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Recipes and Stories

28 October 2014: Mastering the Art of French Onion Soup Gratinéed

Soupe à l’Oignon Gratinée (Classic French Onion Soup Gratinéed)

One of the most enduringly popular dishes of fall and winter’s table is Gratinéed French Onion Soup. It’s one dish that we call “French” that actually is; “soupe à l’oignon gratinée” is a standard found in bistros and home kitchens throughout France.

This time of year it begins to turn up on menus throughout our country, too, from New England to South Florida without regard to outside temperatures. Unfortunately, what comes to the table is more often than not as indifferent as it is popular. Read More 

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24 October 2014: Broiled Oysters on the Half Shell

Broiled Oysters Savannah

One of the best things about autumn on the Georgia and Carolina coast is that our briny-sweet oysters come into season. Though the old maxim about harvesting them only in months with an R is no longer really observed, savvy locals know that local oysters are at their best when the weather cools and they're past their summer spawning. Read More 

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23 October 2014: Boiled Peanuts

Perfectly boiled peanuts, photographed handsomely by John Carrington

Boiled peanuts: for most Southerners, those words conjure memories of running barefoot through freshly mown grass on a warm summer evening, or of cheering on the home team from rough, weather-worn bleachers. But for the uninitiated outside our region, who have never seen peanuts any way but toasted and served forth in a bowl on the top of a bar or ground and slathered between two slices of white bread, it probably sounds like a culinary train wreck. Read More 

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22 October 2014: Sweet Potato Salad

My sweet potato salad as made by friend Betsy Hollis for the recent Manna Club gathering where my cookbooks were honored and celebrated.

After I left architectural practice and was waiting for the publication of my first book, Classical Southern Cooking, in a moment of what can only called temporary insanity, I let a former cooking student sweet talk me into opening the kitchen of her new downtown café. Though I had long been writing about andteaching home cooking, I had absolutely no professional cooking experience. But she needed a cook and I needed work and, besides, wanted the experience.  Read More 

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21 October 2014 Rejuvenating Leftovers

Sauteed Mushrooms and Pork Tenderloin with Sage and Garlic

If you live alone or, as I do, have only two people in your household, you’ll inevitably be faced with the dilemma of how to keep leftovers fresh and interesting. Yes, we’re a spoiled, self-indulgent lot: there are starving children in the world who would be glad to have our leftovers and we ought to be grateful that we have so much. Read More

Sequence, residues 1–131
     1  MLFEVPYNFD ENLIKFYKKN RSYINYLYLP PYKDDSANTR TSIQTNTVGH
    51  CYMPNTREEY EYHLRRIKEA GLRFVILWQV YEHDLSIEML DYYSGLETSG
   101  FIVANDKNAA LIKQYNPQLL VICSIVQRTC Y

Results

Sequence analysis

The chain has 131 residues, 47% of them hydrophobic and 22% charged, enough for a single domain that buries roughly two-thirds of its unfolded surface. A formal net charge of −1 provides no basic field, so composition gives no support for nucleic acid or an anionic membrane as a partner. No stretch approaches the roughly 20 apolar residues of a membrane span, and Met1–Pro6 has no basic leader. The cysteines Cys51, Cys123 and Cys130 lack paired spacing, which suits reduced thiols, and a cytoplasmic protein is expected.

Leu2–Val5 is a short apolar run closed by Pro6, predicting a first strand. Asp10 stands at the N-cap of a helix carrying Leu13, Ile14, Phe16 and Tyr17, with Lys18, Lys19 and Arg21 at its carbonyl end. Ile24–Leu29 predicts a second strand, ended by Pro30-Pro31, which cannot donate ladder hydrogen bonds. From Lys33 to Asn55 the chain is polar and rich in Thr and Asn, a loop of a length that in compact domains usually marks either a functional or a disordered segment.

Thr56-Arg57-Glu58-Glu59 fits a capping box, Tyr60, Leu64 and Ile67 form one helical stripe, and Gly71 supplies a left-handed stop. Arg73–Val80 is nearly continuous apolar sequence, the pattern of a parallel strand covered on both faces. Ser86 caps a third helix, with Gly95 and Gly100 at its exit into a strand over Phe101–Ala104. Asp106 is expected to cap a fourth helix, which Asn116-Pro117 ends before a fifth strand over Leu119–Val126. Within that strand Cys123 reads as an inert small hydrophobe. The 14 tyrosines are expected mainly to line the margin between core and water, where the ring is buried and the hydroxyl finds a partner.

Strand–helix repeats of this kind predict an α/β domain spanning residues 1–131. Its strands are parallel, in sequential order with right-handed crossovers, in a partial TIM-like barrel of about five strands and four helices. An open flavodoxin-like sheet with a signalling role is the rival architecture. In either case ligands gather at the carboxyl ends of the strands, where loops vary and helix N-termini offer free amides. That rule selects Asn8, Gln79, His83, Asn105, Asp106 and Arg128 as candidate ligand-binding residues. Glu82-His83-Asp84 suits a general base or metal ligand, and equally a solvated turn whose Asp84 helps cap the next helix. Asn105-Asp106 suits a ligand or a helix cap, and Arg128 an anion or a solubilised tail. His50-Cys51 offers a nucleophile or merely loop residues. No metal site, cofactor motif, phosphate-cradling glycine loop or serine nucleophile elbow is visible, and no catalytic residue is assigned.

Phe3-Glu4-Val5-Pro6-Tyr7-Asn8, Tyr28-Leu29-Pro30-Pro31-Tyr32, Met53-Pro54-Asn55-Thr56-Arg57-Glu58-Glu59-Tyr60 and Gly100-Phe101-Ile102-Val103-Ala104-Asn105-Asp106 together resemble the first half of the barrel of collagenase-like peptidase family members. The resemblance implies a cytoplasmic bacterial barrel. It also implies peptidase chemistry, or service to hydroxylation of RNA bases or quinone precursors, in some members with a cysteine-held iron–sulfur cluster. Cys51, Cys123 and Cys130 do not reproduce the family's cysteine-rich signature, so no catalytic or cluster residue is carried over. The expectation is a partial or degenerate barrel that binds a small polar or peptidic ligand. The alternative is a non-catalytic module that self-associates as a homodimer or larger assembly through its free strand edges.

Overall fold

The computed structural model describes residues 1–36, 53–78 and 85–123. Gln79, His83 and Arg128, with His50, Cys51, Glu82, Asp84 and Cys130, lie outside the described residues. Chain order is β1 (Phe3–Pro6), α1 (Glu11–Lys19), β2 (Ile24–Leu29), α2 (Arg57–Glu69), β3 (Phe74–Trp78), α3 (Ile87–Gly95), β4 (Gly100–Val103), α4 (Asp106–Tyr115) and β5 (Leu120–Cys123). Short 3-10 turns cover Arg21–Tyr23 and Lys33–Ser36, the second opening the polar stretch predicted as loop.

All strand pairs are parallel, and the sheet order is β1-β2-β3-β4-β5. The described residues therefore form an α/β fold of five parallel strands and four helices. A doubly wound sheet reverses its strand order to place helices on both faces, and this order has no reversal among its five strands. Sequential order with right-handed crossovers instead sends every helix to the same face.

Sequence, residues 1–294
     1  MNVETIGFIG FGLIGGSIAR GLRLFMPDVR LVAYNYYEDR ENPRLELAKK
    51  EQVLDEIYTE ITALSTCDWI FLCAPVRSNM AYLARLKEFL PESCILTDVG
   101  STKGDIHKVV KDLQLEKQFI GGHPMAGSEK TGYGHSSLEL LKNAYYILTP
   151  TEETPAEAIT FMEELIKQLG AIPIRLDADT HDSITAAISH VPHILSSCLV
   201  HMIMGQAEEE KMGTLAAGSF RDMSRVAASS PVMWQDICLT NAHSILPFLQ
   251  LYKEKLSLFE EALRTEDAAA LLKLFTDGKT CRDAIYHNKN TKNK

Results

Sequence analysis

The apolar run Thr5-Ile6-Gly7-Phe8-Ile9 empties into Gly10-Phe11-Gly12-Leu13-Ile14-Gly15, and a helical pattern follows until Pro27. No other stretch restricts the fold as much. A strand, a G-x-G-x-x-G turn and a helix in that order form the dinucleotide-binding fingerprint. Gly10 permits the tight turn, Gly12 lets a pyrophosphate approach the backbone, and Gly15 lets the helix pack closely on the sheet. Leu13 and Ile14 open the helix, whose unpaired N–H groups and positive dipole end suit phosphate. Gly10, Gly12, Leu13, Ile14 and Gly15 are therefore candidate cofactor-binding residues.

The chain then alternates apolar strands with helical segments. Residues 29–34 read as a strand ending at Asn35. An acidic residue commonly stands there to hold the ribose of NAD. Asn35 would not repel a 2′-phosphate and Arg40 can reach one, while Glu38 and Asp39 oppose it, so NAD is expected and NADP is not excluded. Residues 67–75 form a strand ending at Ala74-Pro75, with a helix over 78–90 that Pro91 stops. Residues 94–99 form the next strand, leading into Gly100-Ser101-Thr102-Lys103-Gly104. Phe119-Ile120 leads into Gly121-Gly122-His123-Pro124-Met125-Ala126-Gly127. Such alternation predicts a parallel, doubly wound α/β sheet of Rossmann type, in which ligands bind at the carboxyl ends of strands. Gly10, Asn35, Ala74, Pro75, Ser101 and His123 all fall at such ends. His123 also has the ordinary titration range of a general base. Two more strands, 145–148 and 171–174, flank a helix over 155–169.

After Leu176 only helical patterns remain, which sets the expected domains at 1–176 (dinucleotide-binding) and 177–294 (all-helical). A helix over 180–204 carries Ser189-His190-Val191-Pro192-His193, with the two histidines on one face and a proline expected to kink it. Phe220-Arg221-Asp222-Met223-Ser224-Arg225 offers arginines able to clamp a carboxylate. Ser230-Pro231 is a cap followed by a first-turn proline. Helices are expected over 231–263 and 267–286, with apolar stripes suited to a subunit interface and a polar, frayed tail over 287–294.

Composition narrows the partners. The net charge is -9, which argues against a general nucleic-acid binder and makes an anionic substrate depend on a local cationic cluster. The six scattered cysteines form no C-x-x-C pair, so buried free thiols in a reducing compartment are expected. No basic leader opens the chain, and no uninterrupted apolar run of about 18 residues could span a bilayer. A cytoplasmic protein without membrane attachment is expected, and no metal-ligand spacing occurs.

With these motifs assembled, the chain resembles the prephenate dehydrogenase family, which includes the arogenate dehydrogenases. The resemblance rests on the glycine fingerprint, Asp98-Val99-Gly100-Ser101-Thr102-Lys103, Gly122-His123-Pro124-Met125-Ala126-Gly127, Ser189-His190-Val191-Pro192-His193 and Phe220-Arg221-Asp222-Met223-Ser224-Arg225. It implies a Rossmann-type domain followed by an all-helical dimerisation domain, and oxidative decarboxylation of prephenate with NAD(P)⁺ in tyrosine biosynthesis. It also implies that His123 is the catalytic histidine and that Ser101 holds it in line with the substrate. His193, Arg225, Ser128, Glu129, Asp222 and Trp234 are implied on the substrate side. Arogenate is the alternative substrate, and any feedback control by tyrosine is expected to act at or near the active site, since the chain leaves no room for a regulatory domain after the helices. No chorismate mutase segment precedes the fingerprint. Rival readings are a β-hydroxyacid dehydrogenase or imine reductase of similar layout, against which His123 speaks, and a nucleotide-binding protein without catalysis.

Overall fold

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17 October 2014: Mushrooms with Sausage-Bourbon Filling

Small Brown (also called crimini, "baby bella" and golden Italian) mushrooms are ideal candidates for stuffing with savory fillings, so long as the cook doesn't get carried away with the idea of being "interesting" with the filling.

Stuffed mushrooms come and go in popularity, but never seem to go out of style in Savannah. Anytime they appear on the cocktail buffet table, they disappear quickly. They’re so popular, in fact that I’ve always wished I could be more enthusiastic about them, especially since mushrooms are one of my favorite things. But while stuffing mushrooms with savory fillings is a great idea for a finger-food spread, most of the time the execution is a disappointment. They’re either too bland to be interesting or too interesting to be good. Read More 

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15 October 2014: Cheese Straws and Leaves

Cheese Straws don't have to be extruded from a cookie press. Here they're cut with small seasonal cookie cutters into fall leaves.

Cheese straws and toasted pecans are to a Southern party what cards are to poker, a standard for any Southern hostess worth her iced tea. And yet, these crisp morsels often intimidate novices. They needn’t: once you grasp that they’re just a savory butter shortbread—one of the simplest of all cookies—they’re a snap to make. Read More 

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13 October 2014: American Chili, Southern Style

My Southern-style chili, gussied up just a little with sliced chilies, sour cream, and grated cheddar. Photography by the incomparable John Carrington

Last week Savannah had its first real taste of autumn weather with about three days of cool temperatures, low humidity, and clear skies. It was finally, magically, chili weather, an opportunity not to be missed: my first batch of the season was soon simmering away in my well-used Le Creuset enameled iron round oven. Read More 

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6 October 2014: Remembering Daisy Redman and Chicken Madeira

Daisy Redman's famous Chicken Madeira, photographed by John Carrington in the dining room of Savannah's historic Battersby-Hartridge House, where Mrs. Redman's cooking frequently graced the table.

At the end of the 1970s, DuBose Publishing Company of Atlanta released a slim little volume called Four Great Southern Cooks. Despite its unassuming appearance, this book was destined to become one of the great treasures of traditional Southern cooks and food historians. Tattered copies that survive are fiercely guarded as family heirlooms, especially here in Savannah. Read More 

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